By New Times Staff
By Stephen Lemons
By Stephen Lemons
By Monica Alonzo
By Ray Stern
By New Times Staff
By Stephen Lemons
By Chris Parker
In a letter to New Timesdescribing his mission, Wexler writes, "I do not believe that CPS workers are jack-booted thugs who relish destroying families. I think most of them are well meaning, undertrained, inexperienced and overwhelmed. But . . . I have never heard of even one caseworker being fired, suspended, demoted, criminally prosecuted, attacked in the media or even slapped on the wrist for taking away too many children. All of those things have happened to workers who left a child in his or her own home and something went wrong."
In Arizona, child welfare policies have moved between the two camps as well – sometimes inelegantly, given the particularly divisive nature of the extended child welfare community here. Former governor Hull, who once sat on the Children's Action Alliance board of directors, would be considered a child safety advocate, although a rather weak one. In contrast, the Legislature tended to be dominated by family preservationists throughout the 1990s. For years, lawmakers passed a series of reforms designed to ensure that child removal cases were reviewed quickly, to ensure parents' rights.
In 1990, the Legislature created Removal Review Teams, in which a group of child welfare experts review a case after a child is removed from a home. In 1998, legislation created "Model Court," in which the juvenile court was required to review child removals within seven days. And in 2000, the Legislature created the DES Family Advocacy Office, which allows parents to ask DES for an additional review of a child's removal.
One reform, Model Court, is widely viewed on both sides as a big success. But child safety advocates say that as a whole, the three procedures are duplicative, and a drain on resources. Further, Arizona has a very low rate of substantiating cases of abuse, which child safety advocates attribute in large part to these reforms. For example, in its latest semi-annual report, which measures April to September 2002, CPS reported receiving more than 27,000 calls reporting possible abuse. Of those, more than 12,000 were investigated and only about 1,300 were substantiated as abuse.
Nationally, the substantiation rate is 32 percent, compared with about 15 percent in Arizona, according to the Children's Action Alliance.
Laura Knaperek would like to see even more safeguards put in place, including having a team of community members review removals even before they happen. Knaperek, a former Republican lawmaker from Tempe, was until recently the unofficial leader of the family preservation effort. Before coming to the Legislature, Knaperek worked for the Arizona Consortium for Children with Chronic Illness, where she saw many profoundly disabled children taken from their homes because families were ill-equipped to take care of them. Knaperek thought it better to offer in-home services that would allow children to stay with their families.
So that shadowed Knaperek's perspective on CPS. Because she chaired the House Appropriations Committee for several sessions, she wielded more power than the average lawmaker – and made CPS her pet cause.
Knaperek, who lost a state Senate bid last November (more because she was up against popular former Tempe mayor Harry Mitchell than for her views on child welfare), is not popular with many other child welfare advocates. She has a reputation as a my-way-or-the-highway kind of leader, unwilling to compromise. For example, in 1997 she chaired a joint legislative committee designed to change the way all children's services are delivered in Arizona, by streamlining them through neighborhood centers. The committee's voluminous final report never went anywhere.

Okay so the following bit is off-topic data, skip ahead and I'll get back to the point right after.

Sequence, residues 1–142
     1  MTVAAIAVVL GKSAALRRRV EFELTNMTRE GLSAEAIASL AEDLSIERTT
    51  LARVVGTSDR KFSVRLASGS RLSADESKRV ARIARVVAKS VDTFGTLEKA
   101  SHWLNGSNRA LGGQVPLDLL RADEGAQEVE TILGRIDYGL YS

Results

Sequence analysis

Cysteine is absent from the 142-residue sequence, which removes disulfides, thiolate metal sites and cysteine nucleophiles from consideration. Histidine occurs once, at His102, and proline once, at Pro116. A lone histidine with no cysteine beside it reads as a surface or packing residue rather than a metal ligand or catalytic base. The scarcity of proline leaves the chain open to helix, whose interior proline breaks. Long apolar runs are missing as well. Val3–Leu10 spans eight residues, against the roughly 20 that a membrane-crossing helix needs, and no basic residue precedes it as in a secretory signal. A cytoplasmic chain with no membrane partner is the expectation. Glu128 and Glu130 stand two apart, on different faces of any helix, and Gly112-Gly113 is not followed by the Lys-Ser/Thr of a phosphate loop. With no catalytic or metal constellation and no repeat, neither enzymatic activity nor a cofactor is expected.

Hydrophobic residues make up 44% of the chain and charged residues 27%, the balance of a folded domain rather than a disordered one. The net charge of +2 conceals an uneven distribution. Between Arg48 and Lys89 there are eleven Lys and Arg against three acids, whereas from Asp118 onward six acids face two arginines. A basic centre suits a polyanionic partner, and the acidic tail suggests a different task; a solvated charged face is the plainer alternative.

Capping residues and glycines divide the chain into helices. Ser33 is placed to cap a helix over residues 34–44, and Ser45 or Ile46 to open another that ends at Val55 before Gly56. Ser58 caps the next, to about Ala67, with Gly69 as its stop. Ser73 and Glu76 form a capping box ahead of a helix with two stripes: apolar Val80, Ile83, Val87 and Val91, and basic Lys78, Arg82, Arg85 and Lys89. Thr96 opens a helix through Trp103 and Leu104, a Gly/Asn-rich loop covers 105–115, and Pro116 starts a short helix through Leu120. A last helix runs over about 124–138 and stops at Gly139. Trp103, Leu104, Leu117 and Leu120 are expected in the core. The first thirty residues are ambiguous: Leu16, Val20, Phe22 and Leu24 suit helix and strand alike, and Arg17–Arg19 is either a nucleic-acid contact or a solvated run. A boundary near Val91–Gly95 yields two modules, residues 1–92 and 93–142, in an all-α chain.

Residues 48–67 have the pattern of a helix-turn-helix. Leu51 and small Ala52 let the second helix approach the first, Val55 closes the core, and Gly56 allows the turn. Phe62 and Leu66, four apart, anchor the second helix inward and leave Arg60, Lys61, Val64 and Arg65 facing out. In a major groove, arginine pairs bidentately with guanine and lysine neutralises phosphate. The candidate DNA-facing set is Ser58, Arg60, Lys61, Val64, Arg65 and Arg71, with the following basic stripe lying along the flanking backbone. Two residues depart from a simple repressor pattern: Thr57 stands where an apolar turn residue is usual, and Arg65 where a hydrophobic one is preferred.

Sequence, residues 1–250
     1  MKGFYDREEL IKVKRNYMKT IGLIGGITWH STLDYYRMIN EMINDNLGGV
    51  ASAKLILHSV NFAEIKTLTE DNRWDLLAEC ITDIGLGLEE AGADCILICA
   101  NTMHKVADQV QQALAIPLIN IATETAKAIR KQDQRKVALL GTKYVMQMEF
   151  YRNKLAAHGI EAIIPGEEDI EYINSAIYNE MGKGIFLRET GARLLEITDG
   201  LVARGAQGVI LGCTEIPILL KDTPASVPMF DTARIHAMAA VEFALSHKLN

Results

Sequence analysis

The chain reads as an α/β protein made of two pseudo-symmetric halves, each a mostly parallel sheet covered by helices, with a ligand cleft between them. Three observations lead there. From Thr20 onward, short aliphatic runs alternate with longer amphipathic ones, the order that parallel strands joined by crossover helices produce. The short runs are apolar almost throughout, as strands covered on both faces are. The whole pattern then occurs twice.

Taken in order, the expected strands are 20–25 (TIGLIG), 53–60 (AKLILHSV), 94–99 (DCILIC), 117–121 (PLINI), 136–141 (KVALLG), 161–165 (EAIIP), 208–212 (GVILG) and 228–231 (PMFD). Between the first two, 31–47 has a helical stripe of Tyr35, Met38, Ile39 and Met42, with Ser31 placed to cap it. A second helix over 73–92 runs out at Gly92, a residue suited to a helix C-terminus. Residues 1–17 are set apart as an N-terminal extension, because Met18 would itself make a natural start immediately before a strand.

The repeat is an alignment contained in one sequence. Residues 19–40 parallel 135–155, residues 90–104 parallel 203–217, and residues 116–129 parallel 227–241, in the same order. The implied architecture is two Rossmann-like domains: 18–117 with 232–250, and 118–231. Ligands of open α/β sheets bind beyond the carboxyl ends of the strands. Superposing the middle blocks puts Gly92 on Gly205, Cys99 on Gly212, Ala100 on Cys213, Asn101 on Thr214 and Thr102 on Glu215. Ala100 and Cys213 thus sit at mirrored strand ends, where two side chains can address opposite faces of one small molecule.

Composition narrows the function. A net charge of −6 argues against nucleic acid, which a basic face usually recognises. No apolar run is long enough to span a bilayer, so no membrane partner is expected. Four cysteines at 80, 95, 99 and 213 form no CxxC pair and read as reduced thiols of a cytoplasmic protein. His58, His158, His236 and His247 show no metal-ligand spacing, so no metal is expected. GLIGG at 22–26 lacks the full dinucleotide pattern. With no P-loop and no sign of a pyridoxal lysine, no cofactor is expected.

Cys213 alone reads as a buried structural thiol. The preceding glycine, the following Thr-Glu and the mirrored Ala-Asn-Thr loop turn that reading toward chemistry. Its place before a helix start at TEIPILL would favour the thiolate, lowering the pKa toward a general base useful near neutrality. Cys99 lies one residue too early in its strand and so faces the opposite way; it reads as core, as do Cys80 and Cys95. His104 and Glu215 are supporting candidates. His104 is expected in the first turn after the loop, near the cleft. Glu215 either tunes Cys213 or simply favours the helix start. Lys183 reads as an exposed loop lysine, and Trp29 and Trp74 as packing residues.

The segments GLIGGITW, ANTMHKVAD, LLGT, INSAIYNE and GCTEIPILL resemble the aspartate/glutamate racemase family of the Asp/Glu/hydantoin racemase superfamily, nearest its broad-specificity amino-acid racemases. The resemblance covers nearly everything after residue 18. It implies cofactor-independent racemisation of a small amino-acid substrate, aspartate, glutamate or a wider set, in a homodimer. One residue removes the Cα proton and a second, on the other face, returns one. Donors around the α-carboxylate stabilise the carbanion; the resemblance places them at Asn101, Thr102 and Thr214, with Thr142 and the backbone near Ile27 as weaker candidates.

Knaperek says that's because then-governor Hull's staff told her they were not interested in airing Arizona's problems regarding children's services in public. But others say it was really because the final product was all Knaperek, and no one else.
Chris Cummiskey, a Democrat who served in the Legislature for 12 years and is now a member of the Napolitano administration, was on Knaperek's joint legislative committee, but says he quickly realized she had made up her mind about what should happen before the first hearing. He quit after several frustrating meetings.
"I said, I'm not going to engage in a charade. If you want to do something, go,'" he says.
For her part, Knaperek's feelings are clearly hurt. She feels shunned by the child safety advocates, whom she says get celebrated in Arizona Republic headlines and by the child-safety-minded Children's Action Alliance, while she always gets criticized. She's critical of the newly formed Children's Caucus in the Legislature, an invitation that was extended to Democrats and moderate Republicans but never to her if she was still in the Legislature, she says, even though she cares deeply for children.
"Obviously, if you're not part of the Children's Caucus, you're part of the Anti-Children's Caucus," she says.
Knaperek sees the movement heading away from family preservation.
"This is my own personal opinion, okay?" she says. "There are a lot of reforms that took place over the last six years and there are a lot of people that resent them. And I think those people see an opportunity . . . now that we're gone, to turn back the clock."
Knaperek is not paranoid. That is exactly what is happening. Since she took office in early January, Governor Napolitano has taken every opportunity to encourage CPS caseworkers to remove children when they feel it's necessary.
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